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This article was published 18/5/2012 (1469 days ago), so information in it may no longer be current.
BALTIMORE -- No one is loving the run up to today's Preakness more than Doug O'Neill.
The trainer of Kentucky Derby winner I'll Have Another has spent nearly two weeks in Baltimore, hanging with Ravens coach John Harbaugh, throwing out the first pitch at an Orioles game, and hammering away at Maryland crabs for the first time. He also huddled with Secretariat's jockey Ron Turcotte about racing strategy, held daily news briefings at the stakes barn and was forthcoming when asked about his history of violations for giving his horses improper drugs.
Through it all, O'Neill and his crew are enjoying the moment in their own California free-wheeling style .
"It's been a blast. Incredible. We've taken advantage of it, and done some cool things," O'Neill said Friday morning, wearing a Preakness cap signed by area school children. "They just really rolled out the red carpet for us. Obviously, it's a lot of fun when your horse is doing as good as he is."
I'll Have Another has been doing just fine since catching the speedy Bodemeister in the final 100 yards to win the Derby by 1 1/2 lengths two weeks ago.
"He looks fantastic. Great energy," O'Neill said. "He's maintained his beautiful, long stride. We're just very happy with each day that goes by."
Life can become a whole lot happier for O'Neill if I'll Have Another wins the Preakness. A victory over 8-5 morning-line favourite Bodemeister and nine other rivals would set up a Triple Crown attempt three weeks later in the Belmont Stakes.
It's been 34 years since Affirmed swept the Derby, Preakness and Belmont and became the 11th Triple Crown champion. Since then, 11 horses have won the first two legs only to come up short in the Belmont. The most recent try came in 2008, when Big Brown was pulled up around the turn for home and finished last.
O'Neill isn't even bothered that I'll Have Another is the 5-2 second choice behind the horse he defeated. He noted this is his first Preakness while Bodemeister's trainer Bob Baffert has won the race five times in 11 tries.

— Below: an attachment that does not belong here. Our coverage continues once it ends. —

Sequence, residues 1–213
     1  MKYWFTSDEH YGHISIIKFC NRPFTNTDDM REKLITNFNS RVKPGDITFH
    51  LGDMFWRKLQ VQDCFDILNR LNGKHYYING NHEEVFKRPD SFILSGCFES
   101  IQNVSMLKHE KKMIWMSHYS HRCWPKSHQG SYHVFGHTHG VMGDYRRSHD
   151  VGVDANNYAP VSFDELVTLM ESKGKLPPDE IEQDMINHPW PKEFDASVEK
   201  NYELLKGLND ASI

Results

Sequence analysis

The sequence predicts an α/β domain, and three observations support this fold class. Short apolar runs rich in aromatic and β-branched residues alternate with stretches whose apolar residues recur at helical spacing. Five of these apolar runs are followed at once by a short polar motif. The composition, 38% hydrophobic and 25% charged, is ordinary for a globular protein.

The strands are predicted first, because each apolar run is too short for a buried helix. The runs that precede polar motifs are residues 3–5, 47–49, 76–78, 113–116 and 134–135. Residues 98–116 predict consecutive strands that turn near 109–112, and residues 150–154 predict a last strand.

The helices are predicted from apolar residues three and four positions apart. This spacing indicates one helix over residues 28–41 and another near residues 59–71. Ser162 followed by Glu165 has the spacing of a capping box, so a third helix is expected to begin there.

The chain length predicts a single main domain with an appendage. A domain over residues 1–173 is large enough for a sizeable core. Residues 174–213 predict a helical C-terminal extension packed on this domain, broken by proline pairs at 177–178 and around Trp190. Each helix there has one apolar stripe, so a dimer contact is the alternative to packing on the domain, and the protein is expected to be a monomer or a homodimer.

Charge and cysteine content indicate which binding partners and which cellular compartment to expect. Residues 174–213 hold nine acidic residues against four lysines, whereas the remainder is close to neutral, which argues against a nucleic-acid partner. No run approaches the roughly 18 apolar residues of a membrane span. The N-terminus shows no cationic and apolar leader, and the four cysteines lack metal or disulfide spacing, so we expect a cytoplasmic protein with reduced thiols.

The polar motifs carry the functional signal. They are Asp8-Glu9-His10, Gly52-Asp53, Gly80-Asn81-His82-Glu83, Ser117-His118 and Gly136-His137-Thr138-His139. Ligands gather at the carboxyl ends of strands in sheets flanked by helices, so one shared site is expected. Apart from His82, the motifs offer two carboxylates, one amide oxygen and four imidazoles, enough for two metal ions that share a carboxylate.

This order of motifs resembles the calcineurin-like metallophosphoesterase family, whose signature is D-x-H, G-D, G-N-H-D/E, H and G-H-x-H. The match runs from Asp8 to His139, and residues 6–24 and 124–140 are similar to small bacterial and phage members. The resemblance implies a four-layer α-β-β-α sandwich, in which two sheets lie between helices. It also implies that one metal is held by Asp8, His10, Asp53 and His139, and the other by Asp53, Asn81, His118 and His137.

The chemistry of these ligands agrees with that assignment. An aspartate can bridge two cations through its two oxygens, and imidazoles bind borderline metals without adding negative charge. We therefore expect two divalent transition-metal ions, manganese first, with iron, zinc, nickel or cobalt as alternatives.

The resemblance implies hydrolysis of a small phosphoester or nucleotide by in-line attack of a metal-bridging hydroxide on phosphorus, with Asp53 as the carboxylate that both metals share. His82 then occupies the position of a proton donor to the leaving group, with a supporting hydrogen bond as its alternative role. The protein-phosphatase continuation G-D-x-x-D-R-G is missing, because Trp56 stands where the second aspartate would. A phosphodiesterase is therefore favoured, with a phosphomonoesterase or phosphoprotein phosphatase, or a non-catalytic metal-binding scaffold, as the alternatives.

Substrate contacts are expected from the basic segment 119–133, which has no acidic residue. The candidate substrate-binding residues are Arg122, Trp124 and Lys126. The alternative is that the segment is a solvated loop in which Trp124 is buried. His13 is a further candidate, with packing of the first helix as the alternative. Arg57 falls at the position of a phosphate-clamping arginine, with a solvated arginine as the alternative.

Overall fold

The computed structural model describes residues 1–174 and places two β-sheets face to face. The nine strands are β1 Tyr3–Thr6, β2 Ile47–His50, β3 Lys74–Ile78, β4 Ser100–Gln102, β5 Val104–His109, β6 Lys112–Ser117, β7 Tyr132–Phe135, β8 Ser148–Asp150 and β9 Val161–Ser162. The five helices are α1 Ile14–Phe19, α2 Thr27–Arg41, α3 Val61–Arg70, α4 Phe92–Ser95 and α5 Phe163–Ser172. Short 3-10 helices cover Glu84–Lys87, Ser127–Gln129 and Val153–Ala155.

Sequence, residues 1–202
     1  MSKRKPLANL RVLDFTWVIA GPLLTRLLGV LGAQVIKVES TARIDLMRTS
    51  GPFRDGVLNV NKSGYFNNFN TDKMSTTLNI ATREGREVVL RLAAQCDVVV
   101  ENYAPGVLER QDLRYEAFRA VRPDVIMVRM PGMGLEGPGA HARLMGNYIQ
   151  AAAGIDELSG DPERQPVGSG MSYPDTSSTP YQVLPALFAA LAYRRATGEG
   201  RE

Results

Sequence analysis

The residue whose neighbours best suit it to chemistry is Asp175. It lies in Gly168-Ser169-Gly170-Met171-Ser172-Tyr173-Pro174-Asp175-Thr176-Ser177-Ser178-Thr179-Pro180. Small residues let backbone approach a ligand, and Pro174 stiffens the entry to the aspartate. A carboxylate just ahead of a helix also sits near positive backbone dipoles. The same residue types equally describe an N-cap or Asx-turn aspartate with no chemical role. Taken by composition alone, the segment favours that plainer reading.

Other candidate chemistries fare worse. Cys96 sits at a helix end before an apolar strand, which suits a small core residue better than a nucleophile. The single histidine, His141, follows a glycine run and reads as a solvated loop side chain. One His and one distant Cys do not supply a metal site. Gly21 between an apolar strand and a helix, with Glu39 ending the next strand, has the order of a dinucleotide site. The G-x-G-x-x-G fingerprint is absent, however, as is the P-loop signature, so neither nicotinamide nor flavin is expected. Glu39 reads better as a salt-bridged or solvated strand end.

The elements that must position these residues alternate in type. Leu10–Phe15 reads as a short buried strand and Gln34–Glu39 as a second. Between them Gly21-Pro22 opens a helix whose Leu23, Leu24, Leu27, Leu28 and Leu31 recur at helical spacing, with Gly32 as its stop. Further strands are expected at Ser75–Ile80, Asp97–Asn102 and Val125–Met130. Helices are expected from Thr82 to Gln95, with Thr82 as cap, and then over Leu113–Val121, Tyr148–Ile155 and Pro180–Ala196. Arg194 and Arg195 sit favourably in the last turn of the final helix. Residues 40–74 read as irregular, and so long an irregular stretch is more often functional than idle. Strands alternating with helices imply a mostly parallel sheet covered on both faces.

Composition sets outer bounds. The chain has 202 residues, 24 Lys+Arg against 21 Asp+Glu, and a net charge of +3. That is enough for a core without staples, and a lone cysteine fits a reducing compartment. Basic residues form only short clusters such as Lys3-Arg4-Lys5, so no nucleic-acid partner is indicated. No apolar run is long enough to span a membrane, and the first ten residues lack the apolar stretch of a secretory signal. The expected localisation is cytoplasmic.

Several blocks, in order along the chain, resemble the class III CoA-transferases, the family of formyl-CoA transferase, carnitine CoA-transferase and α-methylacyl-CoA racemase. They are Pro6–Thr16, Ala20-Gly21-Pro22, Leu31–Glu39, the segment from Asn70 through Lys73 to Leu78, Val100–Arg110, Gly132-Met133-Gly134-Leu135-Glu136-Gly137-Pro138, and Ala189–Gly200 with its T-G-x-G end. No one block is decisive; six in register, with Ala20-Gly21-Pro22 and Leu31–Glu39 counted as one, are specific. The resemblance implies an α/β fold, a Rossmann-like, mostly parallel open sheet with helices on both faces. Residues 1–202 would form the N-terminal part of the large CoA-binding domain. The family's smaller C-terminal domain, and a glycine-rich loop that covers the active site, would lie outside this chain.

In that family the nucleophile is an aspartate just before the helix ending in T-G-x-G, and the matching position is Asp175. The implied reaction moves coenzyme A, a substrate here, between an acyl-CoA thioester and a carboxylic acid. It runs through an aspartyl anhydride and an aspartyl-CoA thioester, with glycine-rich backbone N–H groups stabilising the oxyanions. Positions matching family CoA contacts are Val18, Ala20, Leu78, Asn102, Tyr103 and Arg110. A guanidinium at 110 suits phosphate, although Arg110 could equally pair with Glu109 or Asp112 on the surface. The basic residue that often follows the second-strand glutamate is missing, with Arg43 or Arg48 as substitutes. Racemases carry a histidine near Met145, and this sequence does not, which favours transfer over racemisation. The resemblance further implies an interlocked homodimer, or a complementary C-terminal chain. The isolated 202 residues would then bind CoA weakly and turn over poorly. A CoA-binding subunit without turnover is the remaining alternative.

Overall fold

"I totally respect that. I just hope anyone who bets Bodemeister is regretting it Saturday night," O'Neill said earlier in the week.
Baffert, meanwhile, has been singing the praises of his colt, who set a blistering pace in the Derby, but was unable to fend off I'll Have Another. After watching him gallop at Churchill Downs earlier in the week, Baffert gave a thumb's up and had Bodemeister shipped to Pimlico Race Course.
On Friday, Baffert said his colt is coming into the race in great shape, but knows the Derby winner is the horse to beat.
"He's a good horse. He's won all three of his races this year against a strong group of California horses," Baffert said, referring to I'll Have Another. "I respect the Derby winner. I come here hoping I can turn the tables this time and get it done."
The Preakness is a sixteenth-of-a-mile shorter than the Derby, about equal the distance to the wire in the Derby where Bodemeister lost the lead.
"He just has to run that Derby race back," Bodemeister's jockey Mike Smith said. "If he runs his race like that, we'll be in good shape to get the job done."
The second leg of the Triple Crown could turn into a two-horse race, with Bodemeister breaking for the lead from the No. 7 post, and I'll Have Another -- in the No. 9 gate -- trying to stay close until jockey Mario Gutierrez determines when to make his move.
If Bodemeister tries to open a big lead early, O'Neill says his colt will be closer to the front than in the Derby. If Smith tries to slow things down, O'Neill says he has no problem with I'll Have Another setting the pace.
"The cream is starting to come to the top," said Hall of Famer trainer D. Wayne Lukas, a five-time Preakness winner who will send out 30-1 long shot Optimizer. "We should know a little bit more about them (after Saturday). You should start to get some form on these horses, if they're championship calibre. If they're Seattle Slew or Affirmed, they just keep on doing it. That's what we're looking for."
That's not to say there aren't other 3-year-olds in the field capable of pulling a surprise. Went the Day Well and Creative Cause are considered dangerous contenders.
-- The Associated Press